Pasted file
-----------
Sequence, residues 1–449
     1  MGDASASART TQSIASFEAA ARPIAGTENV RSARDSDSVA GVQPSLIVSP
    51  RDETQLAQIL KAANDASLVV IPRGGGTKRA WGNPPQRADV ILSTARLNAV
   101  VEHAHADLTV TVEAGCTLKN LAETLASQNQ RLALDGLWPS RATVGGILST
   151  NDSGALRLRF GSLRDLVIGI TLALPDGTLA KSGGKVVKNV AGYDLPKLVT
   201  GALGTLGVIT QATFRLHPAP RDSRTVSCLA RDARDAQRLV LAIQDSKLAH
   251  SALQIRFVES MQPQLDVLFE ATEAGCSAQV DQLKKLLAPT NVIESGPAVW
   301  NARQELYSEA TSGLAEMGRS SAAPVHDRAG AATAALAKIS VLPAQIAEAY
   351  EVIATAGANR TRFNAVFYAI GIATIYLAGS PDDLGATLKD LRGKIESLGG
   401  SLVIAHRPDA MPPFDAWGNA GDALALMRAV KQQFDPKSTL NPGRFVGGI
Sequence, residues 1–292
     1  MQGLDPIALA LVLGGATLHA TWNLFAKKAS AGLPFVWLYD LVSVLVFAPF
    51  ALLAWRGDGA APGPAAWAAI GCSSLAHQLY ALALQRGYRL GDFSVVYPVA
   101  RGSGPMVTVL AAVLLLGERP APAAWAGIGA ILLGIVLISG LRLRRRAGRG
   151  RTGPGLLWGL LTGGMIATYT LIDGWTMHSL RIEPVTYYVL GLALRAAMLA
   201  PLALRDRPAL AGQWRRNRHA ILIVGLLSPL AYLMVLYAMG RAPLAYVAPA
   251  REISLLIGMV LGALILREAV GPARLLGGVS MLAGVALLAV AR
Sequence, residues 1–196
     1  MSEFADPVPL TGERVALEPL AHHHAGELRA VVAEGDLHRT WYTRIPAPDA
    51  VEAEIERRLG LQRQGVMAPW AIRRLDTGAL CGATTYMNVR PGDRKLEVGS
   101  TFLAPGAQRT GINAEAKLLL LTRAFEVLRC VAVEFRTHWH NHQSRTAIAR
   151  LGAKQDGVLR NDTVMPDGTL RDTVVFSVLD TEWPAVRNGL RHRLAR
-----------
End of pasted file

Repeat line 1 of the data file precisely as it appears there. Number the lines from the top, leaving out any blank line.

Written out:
Sequence, residues 1–449